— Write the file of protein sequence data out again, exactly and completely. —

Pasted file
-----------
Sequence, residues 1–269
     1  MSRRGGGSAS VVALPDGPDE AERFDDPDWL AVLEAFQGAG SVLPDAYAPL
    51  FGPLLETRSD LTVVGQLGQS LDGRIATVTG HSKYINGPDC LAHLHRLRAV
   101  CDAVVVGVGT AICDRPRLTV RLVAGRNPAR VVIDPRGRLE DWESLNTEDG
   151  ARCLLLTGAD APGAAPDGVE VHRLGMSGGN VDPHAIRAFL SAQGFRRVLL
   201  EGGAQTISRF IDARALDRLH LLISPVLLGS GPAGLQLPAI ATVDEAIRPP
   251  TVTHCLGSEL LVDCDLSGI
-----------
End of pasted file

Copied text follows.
Sequence, residues 1–269
     1  MSRRGGGSAS VVALPDGPDE AERFDDPDWL AVLEAFQGAG SVLPDAYAPL
    51  FGPLLETRSD LTVVGQLGQS LDGRIATVTG HSKYINGPDC LAHLHRLRAV
   101  CDAVVVGVGT AICDRPRLTV RLVAGRNPAR VVIDPRGRLE DWESLNTEDG
   151  ARCLLLTGAD APGAAPDGVE VHRLGMSGGN VDPHAIRAFL SAQGFRRVLL
   201  EGGAQTISRF IDARALDRLH LLISPVLLGS GPAGLQLPAI ATVDEAIRPP
   251  TVTHCLGSEL LVDCDLSGI